Wednesday, October 23, 2013

'Outer Seed Shaodow': A Community Garden As Translation Of The Immigrant Experience In New York City


Artist Juanli Carrión
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I just had the great pleasure to meet artist Juanli Carrión, who has recently moved to Carroll Gardens. I sat together with him last week in his studio to speak about Outer Seed Shadow, his most recent project.
“It will be a place where this great variety of plants from all over the world, from all sorts of geographies, landscapes, climates, are going to be growing in such close proximity to each other, as a translation of the immigrant experience in New York City”
Juanli Carrion
New York City has always been defined by its long history of international immigration, and its multiculturalism has made the City a symbol of the American Melting Pot.  However, the immigration experience is ever changing and unique.  To give a voice to today's immigrant, artist Juanli Carrión has created a public art project entitled Outer Seed Shadow.

Over the past few months, Carrión has held interviews with immigrants living across Manhattan and has recorded the deeply personal stories of their arrival, their cultural adaptation and their immigrant experience.  Carrión has asked each interviewee to select a plant that best represents themselves and their country of origin.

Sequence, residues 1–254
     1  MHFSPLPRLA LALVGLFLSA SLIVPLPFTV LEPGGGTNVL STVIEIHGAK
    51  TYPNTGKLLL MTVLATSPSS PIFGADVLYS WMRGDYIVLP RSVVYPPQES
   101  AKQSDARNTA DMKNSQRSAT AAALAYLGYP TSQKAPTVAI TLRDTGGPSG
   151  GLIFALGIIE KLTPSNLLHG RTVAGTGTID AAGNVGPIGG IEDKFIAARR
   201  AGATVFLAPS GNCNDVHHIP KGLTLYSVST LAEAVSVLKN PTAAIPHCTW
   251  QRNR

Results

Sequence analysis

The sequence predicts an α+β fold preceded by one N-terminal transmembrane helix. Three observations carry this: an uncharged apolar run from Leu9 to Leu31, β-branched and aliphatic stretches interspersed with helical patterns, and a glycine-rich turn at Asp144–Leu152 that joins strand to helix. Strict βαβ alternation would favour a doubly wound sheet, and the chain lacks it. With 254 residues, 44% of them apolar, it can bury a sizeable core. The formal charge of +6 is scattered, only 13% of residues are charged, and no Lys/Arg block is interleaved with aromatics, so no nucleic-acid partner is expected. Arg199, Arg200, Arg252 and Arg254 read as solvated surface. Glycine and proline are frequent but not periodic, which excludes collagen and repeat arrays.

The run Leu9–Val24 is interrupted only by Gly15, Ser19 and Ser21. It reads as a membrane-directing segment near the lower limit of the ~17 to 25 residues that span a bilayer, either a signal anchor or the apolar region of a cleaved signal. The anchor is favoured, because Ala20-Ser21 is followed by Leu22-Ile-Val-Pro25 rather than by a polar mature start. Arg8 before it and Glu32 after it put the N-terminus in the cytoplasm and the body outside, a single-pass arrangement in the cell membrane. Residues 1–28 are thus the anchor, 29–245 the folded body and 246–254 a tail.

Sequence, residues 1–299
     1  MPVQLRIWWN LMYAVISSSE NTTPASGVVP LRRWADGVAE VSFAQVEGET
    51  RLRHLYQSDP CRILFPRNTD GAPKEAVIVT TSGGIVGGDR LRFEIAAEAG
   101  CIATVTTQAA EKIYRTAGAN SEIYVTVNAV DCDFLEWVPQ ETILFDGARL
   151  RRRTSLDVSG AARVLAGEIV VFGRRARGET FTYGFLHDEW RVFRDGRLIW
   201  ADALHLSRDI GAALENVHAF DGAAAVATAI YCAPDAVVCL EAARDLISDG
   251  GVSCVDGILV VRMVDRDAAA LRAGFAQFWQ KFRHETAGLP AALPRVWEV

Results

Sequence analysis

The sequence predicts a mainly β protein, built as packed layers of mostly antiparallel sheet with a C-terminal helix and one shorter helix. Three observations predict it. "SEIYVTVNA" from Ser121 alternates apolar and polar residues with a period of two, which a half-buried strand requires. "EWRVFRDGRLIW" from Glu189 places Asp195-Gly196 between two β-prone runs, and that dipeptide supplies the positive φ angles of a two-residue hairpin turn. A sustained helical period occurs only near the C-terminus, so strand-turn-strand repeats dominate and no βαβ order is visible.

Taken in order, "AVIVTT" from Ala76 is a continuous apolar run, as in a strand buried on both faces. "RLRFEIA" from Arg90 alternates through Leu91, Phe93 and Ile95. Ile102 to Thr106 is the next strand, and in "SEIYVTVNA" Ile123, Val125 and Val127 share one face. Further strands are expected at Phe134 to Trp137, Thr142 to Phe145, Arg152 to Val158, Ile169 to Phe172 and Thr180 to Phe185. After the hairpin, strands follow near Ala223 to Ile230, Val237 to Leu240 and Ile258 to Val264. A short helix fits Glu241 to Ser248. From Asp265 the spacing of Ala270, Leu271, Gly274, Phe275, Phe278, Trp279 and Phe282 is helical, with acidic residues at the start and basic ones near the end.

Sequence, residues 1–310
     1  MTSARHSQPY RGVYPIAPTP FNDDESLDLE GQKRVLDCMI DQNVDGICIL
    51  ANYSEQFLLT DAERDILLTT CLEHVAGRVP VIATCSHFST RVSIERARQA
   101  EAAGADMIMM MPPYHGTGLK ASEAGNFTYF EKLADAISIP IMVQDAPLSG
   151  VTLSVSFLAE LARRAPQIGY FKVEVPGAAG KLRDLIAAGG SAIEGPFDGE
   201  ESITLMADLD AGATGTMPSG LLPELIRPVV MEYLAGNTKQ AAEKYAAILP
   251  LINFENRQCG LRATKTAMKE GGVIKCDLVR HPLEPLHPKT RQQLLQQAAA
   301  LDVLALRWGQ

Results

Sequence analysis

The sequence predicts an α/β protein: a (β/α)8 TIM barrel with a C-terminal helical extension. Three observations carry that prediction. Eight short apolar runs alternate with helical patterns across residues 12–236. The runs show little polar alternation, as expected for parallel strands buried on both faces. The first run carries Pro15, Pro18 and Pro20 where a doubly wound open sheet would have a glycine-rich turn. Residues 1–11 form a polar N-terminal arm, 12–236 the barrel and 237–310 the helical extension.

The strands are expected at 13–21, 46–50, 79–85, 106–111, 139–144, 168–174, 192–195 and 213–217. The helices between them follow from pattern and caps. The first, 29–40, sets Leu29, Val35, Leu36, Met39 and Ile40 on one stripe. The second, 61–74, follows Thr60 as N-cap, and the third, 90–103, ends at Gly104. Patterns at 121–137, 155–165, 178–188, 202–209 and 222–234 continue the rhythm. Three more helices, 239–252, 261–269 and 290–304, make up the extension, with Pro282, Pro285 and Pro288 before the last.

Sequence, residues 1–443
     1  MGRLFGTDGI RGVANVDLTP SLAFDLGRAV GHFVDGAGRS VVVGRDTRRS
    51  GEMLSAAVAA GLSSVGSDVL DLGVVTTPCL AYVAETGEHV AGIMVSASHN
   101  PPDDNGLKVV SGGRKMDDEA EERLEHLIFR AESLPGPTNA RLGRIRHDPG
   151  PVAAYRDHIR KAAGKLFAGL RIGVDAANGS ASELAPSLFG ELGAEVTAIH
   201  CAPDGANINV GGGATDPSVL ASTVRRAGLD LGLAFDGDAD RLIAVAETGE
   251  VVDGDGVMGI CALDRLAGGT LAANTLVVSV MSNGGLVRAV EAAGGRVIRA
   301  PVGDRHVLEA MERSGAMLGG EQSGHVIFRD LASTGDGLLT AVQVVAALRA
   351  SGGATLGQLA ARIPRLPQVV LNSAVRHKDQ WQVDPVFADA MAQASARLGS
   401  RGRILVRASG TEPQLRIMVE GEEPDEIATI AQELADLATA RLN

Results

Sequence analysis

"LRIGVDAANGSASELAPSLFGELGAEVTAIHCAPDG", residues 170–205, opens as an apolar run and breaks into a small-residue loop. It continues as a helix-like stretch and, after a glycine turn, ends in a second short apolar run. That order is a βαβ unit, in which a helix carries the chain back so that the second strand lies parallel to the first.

Ultimately, all the plants will become part of a 2,000 square foot interactive community garden in the shape of Manhattan that will be installed at Duarte Square in Soho in May 2014.  During a six-month period, a series of free workshops, lectures, and guided visits will be given to the public.
The garden and all its plants is a metaphor of this city's diverse immigrant community. 

 The challenge of course, will be to respect the unique needs of each plant.  According to Carrión, himself a transplant from Yecla, Spain, "the project is a study of social interaction and the politics of immigration, as illustrated by plants and their survival in the meteorological condition of New York City, an experiment that has a subjacent study about power. Unlike plants, which can only endure a certain range of environmental conditions, human beings are apparently more adaptable to differences of place as rational animals, but the truth may be that in the end humans are likewise unable to overcome the limits of their own nature—of their own sociopolitical environment."

The idea came to Carrión while he was going through the immigration process himself.  He has been in the United States since 2007, and for the last two years, has lived in Carroll Gardens.

Outer Seed Shadow will be officially presented and launched tomorrow, Thursday, October 24th 2013 from 6PM to 9PM at The Horticultural Society of New York ,148 West 37th Street, 13th Floor, New York, NY. (Please RSVP to project@outerseedshadow.org.)

In addition, a Kickstarter campaign for the project has been launched to be able to offer more public programming and make the garden 100% handicapped accessible, because "everyone in Manhattan, New York City, the United States, and the world is represented in this garden."







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